There is no reason to expect Washington to be good, because they have been bad-to-middling for a while, and nothing has changed between now and then.

The only path to Super Bowl 54 is a franchise shift, a franchise whiplash, a franchise quantum leap. Sell the team, get an aggressive owner, drag yourself out of the analytics cellar, shed some of these woeful contracts, and build around Haskins. (All by September, thank you very much -- you've got a Super Bowl to win.)

How the 2019 Washington Redskins became the Army Black Knights

With a shockingly quick franchise reload and Super Bowl 54 victory comes, of course, the copycats. And what will they be copying from Washington -- what's the one thing on this godforsaken roster that went well for Washington?

In the sweet name of Clinton Portis, it's the running backs.

When Washington won Super Bowl 54, it was because they ran the ball 35 times a game. They rotated Adrian Peterson, who sold 10 years off the end of his life in exchange for one more year of 2012 spryness, with Derrius Guice, who spent his redshirted rookie year making enough money as an online gamer that he can carry the ball 1600 times on his rookie deal. They sprinkle in Chris Thompson and Bryce Love and Samaje Perine and holy smokes this team really has five running backs that actually matter.

Okay, so now you have to evolve fully into Army football. Go wishbone, full house, and run every snap out of the pistol. Convert Ryan Kerrigan and Montez Sweat to blocking tight ends -- you're gonna possess the ball for 43 minutes a game, might as well let them see the field. Put Landon Collins in at fullback and trade all of your receivers except for Trey Quinn, who will see 23 targets (all on 3rd down) and catch 21 balls for 21 conversions. The league is getting smaller, faster, spread-i-er -- and it's leaving you in the dust. So zig opposite the zag, Washington, you hopeless and forsaken team.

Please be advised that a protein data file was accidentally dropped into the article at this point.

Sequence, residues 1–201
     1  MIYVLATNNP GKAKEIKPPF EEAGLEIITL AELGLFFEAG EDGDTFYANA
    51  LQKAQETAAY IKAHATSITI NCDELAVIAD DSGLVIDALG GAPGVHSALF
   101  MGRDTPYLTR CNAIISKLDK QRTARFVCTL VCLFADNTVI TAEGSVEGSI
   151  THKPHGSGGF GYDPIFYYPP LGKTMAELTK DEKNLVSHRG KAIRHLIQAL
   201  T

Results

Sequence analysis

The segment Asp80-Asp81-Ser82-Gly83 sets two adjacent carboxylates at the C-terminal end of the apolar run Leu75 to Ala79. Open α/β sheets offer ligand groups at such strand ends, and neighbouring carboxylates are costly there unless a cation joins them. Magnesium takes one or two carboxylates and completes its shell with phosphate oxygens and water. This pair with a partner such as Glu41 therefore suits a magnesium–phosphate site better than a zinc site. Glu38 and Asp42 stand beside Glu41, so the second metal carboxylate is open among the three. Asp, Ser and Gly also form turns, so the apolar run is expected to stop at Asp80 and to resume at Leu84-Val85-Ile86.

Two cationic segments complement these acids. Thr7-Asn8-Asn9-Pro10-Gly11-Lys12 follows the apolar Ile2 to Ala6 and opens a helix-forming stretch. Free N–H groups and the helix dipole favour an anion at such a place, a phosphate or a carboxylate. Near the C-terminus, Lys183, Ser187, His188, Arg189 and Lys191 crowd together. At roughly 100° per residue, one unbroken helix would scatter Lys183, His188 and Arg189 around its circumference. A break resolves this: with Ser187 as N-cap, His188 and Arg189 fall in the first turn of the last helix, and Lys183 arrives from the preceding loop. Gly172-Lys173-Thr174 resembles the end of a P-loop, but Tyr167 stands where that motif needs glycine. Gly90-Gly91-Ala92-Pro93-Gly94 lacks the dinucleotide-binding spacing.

Run the ball. Up the middle and with a grinder's mentality. Passing is for cowards who can't protect a three-point lead.

How The Redskins Won Super Bowl 54

In an effort to complete their option package, the Redskins trade for RGIII again, and by Week 14 he breaks the single-season rushing record for QBs. The Redskins beat the Rams in the NFC Championship Game 7-0 -- the Rams get two offensive possessions all game, and McVay's left frothing at the podium at 2:30 A.M., demanding all the blame for the loss -- before facing Patrick Mahomes and the Chiefs in Super Bowl 54. They let Kansas City score on the first drive before lifting their brush and palette and executing the longest drive in NFL history: 56 minutes and 24 seconds. With :00 on the clock, they attempt a 2-pt conversion -- as was recommended by their now robust analytics department -- and win 8-7.

How many universes does this happen in?

None out of 1000. The Redskins are bad.

How does it all go wrong?

By starting the season strong-ish (again) only to face legit opponents by midseason and watch everything come crashing down. Just this time, their QB won't get injured.


Written By:

Benjamin Solak

Director of Special Projects

Director of Special Projects and Senior NFL Draft Analyst for The Draft Network. Co-host of the Locked On NFL Draft Podcast. The 3-Wide Raven.